Henry Wadsworth Longfellow, ed. Poems of Places: An Anthology in 31 Volumes.
Ireland: Vol. V. 1876–79.

Blarney Castle

The Blarney

By Samuel Lover (1797–1868)

  • There is a certain coign-stone on the summit of Blarney Castle, in the county of Cork, the kissing of which is said to impart the gift of persuasion. Hence the phrase, applied to those who make a flattering speech, “You ’ve kissed the Blarney Stone.”

  • O, DID you ne’er hear of “the Blarney”

    That ’s found near the banks of Killarney?

    Believe it from me,

    No girl’s heart is free,

    Once she hears the sweet sound of the Blarney.

    For the Blarney ’s so great a deceiver,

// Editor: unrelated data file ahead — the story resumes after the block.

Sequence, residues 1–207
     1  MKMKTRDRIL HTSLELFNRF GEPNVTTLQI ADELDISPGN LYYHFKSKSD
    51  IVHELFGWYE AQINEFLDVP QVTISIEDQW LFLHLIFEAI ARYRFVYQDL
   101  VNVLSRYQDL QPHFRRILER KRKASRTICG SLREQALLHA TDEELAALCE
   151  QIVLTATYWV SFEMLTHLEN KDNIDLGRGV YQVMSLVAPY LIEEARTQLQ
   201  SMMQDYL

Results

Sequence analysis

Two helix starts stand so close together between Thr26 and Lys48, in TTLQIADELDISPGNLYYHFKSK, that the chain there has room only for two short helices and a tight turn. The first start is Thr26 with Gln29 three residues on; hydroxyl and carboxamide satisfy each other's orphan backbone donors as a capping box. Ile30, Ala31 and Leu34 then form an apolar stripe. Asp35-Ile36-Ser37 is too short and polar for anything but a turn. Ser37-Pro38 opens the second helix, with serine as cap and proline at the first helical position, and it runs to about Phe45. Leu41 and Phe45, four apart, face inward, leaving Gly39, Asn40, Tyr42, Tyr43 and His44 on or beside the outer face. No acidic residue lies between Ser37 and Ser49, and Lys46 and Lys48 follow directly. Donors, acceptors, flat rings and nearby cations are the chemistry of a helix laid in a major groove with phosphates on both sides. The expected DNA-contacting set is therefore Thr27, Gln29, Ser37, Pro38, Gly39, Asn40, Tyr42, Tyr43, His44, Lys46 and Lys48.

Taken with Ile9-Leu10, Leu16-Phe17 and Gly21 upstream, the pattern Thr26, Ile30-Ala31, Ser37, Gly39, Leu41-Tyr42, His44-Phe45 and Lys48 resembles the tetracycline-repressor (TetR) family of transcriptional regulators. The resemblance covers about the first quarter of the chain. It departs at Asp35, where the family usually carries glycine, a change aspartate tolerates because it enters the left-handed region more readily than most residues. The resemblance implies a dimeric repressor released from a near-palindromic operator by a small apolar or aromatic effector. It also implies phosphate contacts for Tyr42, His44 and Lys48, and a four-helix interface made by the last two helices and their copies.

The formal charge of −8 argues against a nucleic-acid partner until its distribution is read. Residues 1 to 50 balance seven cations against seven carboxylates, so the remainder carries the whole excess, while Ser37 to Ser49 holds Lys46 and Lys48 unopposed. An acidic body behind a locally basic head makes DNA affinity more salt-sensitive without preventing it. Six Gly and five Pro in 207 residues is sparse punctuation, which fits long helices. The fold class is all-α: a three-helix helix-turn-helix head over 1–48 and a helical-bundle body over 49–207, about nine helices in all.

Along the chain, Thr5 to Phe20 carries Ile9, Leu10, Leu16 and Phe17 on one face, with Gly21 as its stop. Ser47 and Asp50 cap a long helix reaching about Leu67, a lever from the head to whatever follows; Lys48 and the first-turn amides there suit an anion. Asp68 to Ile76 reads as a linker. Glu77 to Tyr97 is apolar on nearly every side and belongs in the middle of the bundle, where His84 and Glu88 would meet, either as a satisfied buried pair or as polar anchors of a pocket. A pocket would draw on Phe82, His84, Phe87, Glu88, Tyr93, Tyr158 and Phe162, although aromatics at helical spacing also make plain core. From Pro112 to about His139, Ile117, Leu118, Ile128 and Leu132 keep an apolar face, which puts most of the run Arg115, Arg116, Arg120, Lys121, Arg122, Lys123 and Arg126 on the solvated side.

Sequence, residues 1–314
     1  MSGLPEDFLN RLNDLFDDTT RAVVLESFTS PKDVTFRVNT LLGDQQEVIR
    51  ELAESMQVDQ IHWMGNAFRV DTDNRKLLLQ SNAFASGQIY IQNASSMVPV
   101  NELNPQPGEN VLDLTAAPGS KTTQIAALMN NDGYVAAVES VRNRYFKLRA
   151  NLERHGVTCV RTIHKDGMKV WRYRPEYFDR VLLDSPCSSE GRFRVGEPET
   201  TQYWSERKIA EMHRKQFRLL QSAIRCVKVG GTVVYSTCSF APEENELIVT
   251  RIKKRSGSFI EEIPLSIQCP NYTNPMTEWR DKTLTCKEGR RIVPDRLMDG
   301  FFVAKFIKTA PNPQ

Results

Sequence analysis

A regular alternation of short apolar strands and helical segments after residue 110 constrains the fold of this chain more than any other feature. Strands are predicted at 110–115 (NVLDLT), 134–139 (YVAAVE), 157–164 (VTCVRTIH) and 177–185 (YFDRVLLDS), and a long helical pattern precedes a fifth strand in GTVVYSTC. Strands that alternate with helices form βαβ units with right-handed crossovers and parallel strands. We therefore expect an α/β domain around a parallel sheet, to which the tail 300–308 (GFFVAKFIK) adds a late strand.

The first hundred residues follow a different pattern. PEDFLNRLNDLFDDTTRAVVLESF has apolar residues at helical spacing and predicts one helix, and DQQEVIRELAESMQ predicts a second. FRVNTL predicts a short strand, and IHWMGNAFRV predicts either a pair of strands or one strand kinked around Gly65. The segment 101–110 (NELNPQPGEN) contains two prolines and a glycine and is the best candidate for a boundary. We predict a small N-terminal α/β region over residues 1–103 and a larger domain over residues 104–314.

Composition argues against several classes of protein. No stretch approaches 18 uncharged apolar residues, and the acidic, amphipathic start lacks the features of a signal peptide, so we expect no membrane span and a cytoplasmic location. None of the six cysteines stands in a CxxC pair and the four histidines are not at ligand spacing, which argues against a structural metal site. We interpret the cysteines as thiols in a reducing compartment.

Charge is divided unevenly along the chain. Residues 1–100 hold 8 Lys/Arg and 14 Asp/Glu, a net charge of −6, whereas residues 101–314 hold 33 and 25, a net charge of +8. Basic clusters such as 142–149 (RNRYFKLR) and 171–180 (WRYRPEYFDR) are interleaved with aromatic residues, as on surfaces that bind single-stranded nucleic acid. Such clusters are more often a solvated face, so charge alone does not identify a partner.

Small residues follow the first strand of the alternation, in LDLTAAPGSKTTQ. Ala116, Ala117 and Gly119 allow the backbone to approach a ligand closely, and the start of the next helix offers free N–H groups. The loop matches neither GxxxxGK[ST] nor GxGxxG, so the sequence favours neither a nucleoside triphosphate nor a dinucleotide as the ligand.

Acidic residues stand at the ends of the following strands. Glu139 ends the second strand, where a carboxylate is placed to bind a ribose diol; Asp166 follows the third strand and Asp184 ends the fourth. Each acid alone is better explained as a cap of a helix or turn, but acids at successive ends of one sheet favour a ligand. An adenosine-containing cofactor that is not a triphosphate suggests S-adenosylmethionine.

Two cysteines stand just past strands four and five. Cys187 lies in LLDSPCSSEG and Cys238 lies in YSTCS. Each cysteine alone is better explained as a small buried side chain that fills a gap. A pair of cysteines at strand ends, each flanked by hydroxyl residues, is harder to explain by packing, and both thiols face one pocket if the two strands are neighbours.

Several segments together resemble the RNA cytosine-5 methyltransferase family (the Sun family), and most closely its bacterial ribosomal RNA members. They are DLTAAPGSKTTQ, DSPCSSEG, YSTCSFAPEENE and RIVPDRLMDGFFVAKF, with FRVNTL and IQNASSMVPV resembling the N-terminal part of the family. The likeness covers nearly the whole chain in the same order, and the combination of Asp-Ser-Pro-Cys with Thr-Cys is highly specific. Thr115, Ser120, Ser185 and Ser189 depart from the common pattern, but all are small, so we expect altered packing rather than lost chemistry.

That a girl thinks you ’re there, though you leave her;

    And never finds out

    All the tricks you ’re about,

    Till she ’s quite gone herself—with your Blarney.

    O, say, would you find this same “Blarney”?

    There ’s a castle, not far from Killarney,

    On the top of its wall

    (But take care you don’t fall)

    There ’s a stone that contains all this Blarney.

    Like a magnet, its influence such is,

    That attraction it gives all it touches;

    If you kiss it, they say,

    From that blessed day

    You may kiss whom you please with your Blarney.